We asked Registered Dietitian, Nicole Silber, RD, CSP, CLC, for her take on the USDA’s 2020-2025 Dietary Guidelines for Americans. Nicole is a board-certified specialist in pediatric nutrition and has worked with hundreds of children with chronic medical conditions, food allergies, picky eating, oral-motor and sensory processing disorders, breastfeeding, gastrointestinal conditions, prematurity and obesity.
As a pediatric nutritionist, I often get asked, “How much does my baby need to eat?” The short answer is – all babies are different! A better approach to successful mealtimes is to ditch the focus on quantities and portions and to focus on responsive feeding.
Responsive feeding is a feeding style that focuses on responding to natural hunger and fullness cues that an infant or young child displays. Rather than delivering expected or set quantities of food, (a full jar of this, 12 spoonfuls of that…) it puts an individual child’s needs and bodies first. Responsive feeding promotes healthy eating habits and even establishes a positive feeder-eater dynamic–gone are the days of “force-feeding!” When a child is empowered to determine how much she wants to eat at a sitting, she learns more about her own satiety (fullness), which can prevent over and under-eating. I was so happy to see that the 2020-2025 Dietary Guidelines for Americans did not just offer guidance on what or “how much” to feed children but focused on how to individually feed them.
Unlike adults who need a consistent number of calories and nutrients daily, the nutritional needs of babies and toddlers fluctuate depending on many factors, including growth spurts and lulls. It is even common for babies and toddlers to eat less and be less interested in food on certain days, particularly when they are teething. I find it generally unhelpful to advise recommended amounts of food, because most babies just eat what they need to. It is very possible, on a given day, your baby will want to eat less or more of a prescribed amount, and that’s totally okay, if your child’s pediatrician has no prior concerns about his or her growth.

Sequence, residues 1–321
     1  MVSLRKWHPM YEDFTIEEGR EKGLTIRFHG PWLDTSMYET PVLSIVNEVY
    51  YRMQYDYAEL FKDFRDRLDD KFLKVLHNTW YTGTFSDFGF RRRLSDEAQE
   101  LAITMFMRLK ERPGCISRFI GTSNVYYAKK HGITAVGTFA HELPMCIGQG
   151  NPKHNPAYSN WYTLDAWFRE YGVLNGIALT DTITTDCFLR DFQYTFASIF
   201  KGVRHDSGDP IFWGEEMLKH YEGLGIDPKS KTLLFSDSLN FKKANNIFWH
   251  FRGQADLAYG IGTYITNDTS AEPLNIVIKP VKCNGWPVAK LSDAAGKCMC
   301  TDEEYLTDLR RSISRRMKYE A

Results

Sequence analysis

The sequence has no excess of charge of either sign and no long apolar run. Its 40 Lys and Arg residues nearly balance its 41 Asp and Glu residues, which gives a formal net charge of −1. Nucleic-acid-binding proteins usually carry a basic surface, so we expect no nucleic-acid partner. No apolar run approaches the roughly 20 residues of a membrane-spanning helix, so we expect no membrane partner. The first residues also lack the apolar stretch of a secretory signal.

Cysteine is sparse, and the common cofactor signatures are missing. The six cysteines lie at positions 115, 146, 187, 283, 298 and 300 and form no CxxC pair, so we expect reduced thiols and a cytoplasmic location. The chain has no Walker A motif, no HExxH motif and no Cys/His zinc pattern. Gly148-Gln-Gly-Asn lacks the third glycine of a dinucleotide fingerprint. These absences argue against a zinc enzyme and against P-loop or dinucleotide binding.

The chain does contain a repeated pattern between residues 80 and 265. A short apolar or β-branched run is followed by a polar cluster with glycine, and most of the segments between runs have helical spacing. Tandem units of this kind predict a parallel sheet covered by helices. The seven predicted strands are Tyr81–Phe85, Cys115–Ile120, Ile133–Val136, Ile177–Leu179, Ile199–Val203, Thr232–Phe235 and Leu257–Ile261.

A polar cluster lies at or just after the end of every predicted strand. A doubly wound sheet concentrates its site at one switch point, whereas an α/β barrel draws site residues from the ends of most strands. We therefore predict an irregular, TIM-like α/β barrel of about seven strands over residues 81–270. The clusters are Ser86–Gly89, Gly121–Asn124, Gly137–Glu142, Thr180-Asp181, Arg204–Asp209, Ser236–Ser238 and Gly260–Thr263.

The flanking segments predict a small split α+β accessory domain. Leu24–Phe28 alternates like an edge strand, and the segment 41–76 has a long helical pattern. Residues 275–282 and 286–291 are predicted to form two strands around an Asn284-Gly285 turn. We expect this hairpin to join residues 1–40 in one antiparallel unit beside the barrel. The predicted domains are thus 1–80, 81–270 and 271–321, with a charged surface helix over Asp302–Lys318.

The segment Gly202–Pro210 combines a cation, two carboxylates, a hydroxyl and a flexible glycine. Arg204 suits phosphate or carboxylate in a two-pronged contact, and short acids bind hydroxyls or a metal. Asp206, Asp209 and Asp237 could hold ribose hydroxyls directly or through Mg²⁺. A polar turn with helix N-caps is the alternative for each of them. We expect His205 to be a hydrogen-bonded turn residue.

Babies need different amounts of “complementary” or solid foods, depending on their age, weight and amount of breast milk or formula they are drinking. Plus, not all food is created equal! An apple puree has a vastly different nutritional panel than a puree made of apples with oatmeal and peanut butter mixed in, so I would expect a child to eat different amounts of these two foods. (This is another reason why I like to focus on the quality and makeup of the meal, and not the quantity of the meal.)
using responsive feeding for successful mealtimes
Rather than having a set portion in mind to serve, closely observe your child during mealtimes and interpret his or her hunger and fullness cues. Babies are not verbal, but they tell us a lot through their body language. It is important to listen to what your baby is trying to tell you. This will help them feel safe, confident, and empowered. Your job as a parent is to support them during eating and decide for them what foods to offer, but it is your baby’s job to tell you how much he or she wants to eat. Getting in that one “extra spoonful” of food will not help your baby sleep, be calm, or be any better nourished. In fact, it can do the opposite. It can tell baby that he or she does not have a say in how much he or she eats.
Babies knows a lot more about their bodies than we think!
signs that baby or toddler is hungry and wants more food
- Puts hand to mouth
- Turns head towards breast or bottle
- Puckers, smacks, or lips
- Clenches hands
- Reaches or points to food
- Opens her mouth when offered food
- Gets excited when she sees food
- Uses hand motions or sounds to let you know she is still hungry
signs that baby or toddler is full, and mealtime is over
- Closes mouth
- Turns head away from breast, bottle or food
- Relaxes hands
- Pushes food away
- Closes her mouth when food is offered
- Uses hand motions or makes sounds to let you know she is full
- Falling asleep at the highchair
Nicole is the creator of Tiny Tasters, a series of on-demand and live classes that teach parents everything they need to know about how to feed their babies and toddlers. Prior to her current roles she was a clinical nutritionist at the Morgan Stanley Children’s Hospital at New York-Presbyterian/Columbia and at NYU Langone/Fink Children’s Ambulatory Care Center. Nicole lives in New York with her husband and her toddlers, Lily and Luna!